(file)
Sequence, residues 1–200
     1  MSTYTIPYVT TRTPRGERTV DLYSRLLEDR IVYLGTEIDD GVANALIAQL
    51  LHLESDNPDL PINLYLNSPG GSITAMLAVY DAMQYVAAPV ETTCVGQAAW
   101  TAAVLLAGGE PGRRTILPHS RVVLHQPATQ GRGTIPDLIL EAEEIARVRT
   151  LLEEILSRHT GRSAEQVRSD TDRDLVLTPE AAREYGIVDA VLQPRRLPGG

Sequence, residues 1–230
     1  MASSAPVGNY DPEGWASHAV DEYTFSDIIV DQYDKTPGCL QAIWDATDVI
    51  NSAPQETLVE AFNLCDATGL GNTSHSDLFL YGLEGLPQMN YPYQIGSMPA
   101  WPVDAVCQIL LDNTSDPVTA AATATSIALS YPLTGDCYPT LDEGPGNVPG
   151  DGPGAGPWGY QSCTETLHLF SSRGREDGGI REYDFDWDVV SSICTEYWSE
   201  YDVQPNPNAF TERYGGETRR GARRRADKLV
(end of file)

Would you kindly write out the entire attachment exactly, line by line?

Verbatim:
Sequence, residues 1–200
     1  MSTYTIPYVT TRTPRGERTV DLYSRLLEDR IVYLGTEIDD GVANALIAQL
    51  LHLESDNPDL PINLYLNSPG GSITAMLAVY DAMQYVAAPV ETTCVGQAAW
   101  TAAVLLAGGE PGRRTILPHS RVVLHQPATQ GRGTIPDLIL EAEEIARVRT
   151  LLEEILSRHT GRSAEQVRSD TDRDLVLTPE AAREYGIVDA VLQPRRLPGG

Sequence, residues 1–230
     1  MASSAPVGNY DPEGWASHAV DEYTFSDIIV DQYDKTPGCL QAIWDATDVI
    51  NSAPQETLVE AFNLCDATGL GNTSHSDLFL YGLEGLPQMN YPYQIGSMPA
   101  WPVDAVCQIL LDNTSDPVTA AATATSIALS YPLTGDCYPT LDEGPGNVPG
   151  DGPGAGPWGY QSCTETLHLF SSRGREDGGI REYDFDWDVV SSICTEYWSE
   201  YDVQPNPNAF TERYGGETRR GARRRADKLV